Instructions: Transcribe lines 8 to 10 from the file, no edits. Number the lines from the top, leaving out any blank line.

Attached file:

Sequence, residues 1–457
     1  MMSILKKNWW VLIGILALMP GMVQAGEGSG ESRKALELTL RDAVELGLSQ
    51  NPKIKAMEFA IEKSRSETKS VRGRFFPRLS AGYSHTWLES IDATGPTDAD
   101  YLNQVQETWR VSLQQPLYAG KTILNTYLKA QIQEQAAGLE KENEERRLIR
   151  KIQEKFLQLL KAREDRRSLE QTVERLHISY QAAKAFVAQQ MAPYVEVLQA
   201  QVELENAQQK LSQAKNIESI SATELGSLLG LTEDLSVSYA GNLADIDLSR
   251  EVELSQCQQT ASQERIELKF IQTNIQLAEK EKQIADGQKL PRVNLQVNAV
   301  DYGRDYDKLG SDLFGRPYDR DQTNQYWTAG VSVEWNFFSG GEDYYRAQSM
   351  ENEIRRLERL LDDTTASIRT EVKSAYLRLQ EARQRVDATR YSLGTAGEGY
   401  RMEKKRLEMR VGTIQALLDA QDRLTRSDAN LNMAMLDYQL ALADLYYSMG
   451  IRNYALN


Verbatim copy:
   301  DYGRDYDKLG SDLFGRPYDR DQTNQYWTAG VSVEWNFFSG GEDYYRAQSM
   351  ENEIRRLERL LDDTTASIRT EVKSAYLRLQ EARQRVDATR YSLGTAGEGY
   401  RMEKKRLEMR VGTIQALLDA QDRLTRSDAN LNMAMLDYQL ALADLYYSMG